Good Reads: Flawed elections in Congo, and voters protest Putin in Russia
Polling results will be announced today in the Democratic Republic of Congo, but 'massive' irregularities may undermine credibility; and Russian voters rebuke leader Vladimir Putin.
The Democratic Republic of Congo’s election commission will announce polling results today, an exercise that could very well kick off a spate of violence in this massive, fragile country.Skip to next paragraph
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Election observers have noted voting irregularities and “fraudulent manipulation” on a “massive scale” in the elections held Nov. 28. The ballot stuffing has been blatant, observers say, with ballot papers trucked in at the last minute and polling boxes carted off without independent verification or proper efforts to seal the boxes to prevent tampering. Initial tallies show that incumbent President Joseph Kabila has 46 percent compared with his main challenger Etienne Tshisekedi’s 36 percent, but given the composition of the electoral commission – the head of the mission is the personal pastor of President Kabila – such figures are treated with a certain amount of skepticism.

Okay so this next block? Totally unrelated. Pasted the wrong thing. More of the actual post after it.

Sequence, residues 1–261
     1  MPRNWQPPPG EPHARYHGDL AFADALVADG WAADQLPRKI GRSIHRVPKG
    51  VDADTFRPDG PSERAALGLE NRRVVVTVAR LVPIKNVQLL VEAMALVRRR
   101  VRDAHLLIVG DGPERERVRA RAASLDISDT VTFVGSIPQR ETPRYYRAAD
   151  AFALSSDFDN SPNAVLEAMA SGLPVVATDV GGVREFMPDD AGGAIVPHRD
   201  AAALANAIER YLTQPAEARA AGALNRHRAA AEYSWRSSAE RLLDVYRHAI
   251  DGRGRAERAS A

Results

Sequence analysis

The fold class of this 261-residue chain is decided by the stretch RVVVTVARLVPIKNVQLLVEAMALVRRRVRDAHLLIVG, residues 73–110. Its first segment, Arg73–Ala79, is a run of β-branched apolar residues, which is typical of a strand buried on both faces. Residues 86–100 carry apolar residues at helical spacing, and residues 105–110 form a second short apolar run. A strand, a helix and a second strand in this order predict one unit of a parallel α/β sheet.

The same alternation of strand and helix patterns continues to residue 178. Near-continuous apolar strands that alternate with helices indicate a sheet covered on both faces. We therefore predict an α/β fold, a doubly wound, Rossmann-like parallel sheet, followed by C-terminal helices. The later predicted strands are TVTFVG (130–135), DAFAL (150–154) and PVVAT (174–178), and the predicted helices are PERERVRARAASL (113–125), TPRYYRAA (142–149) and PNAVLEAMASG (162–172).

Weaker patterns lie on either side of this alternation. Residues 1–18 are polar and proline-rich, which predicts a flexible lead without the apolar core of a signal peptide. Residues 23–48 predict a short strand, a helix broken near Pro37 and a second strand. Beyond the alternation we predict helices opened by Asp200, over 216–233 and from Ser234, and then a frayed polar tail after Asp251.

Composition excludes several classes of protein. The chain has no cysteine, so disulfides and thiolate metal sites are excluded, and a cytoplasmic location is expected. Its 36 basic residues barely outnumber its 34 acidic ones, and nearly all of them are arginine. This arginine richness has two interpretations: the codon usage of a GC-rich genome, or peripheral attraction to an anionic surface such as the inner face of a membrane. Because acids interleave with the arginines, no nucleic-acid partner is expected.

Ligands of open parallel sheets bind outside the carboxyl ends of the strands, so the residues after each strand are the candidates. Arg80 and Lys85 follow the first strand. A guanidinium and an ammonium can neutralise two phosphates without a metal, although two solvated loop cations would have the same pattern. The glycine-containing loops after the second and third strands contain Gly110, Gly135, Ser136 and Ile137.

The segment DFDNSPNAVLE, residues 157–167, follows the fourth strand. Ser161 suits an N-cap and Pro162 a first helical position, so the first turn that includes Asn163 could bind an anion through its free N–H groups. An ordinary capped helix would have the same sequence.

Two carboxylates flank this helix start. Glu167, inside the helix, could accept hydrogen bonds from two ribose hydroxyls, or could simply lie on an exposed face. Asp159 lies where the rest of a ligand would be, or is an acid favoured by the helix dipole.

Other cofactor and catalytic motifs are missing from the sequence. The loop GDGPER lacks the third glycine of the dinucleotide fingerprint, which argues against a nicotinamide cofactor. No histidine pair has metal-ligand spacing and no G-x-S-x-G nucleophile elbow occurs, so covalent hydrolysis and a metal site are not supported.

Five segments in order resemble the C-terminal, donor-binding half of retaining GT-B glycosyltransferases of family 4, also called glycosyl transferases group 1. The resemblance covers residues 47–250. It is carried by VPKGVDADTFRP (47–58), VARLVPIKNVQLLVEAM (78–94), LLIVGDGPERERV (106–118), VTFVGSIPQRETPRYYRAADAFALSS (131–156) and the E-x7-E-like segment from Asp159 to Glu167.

What happens next is a matter that rests in the hands of President Kabila, opposition leader Mr. Tshisekedi, and to a certain lesser extent, the international community. If Kabila and Tshisekedi continue to talk with each other through intermediaries, there is a chance to forestall any violence. If Kabila attempts to rush the process, have himself declared victor, and then calls out the Army to control opposition protests, then Congo risks a return to open conflict. If the international community – specifically, the United Nations, which maintains a 19,000 man peacekeeping force in Congo – endorses election results without listening to the concerns of the opposition, then their future credibility will be shot.
Adam Nossiter of The New York Times tells this human impact of this election by talking with the long lines of people – perhaps as many as 3,000 thus far – queuing up with their families to cross the Congo river from Kinshasa in the Democratic Republic of Congo to the relative safety of Brazzaville, the capital of the neighboring Republic of Congo.
Mr. Nossiter also talks with election observers, who warn that the election irregularities could be on such a scale that they undermine credibility in any result announced today.
“The chain of custody is being broken, materials are just thrown into the back of trucks, there’s evidence of extremely large numbers of envelopes with vote-tally sheets that have been opened,” said David Pottie of the Carter Center, the Atlanta-based organization founded by former President Jimmy Carter to promote human rights. “There are inconsistencies in the application of procedures — in some cases these are extremely serious, on a massive scale,” Mr. Pottie said.
But are these irregularities intentional? Kabila’s own vice president plays the “we’re a developing country” card and argues that any irregularities are just rookie mistakes in a country with bad infrastructure and poor education levels.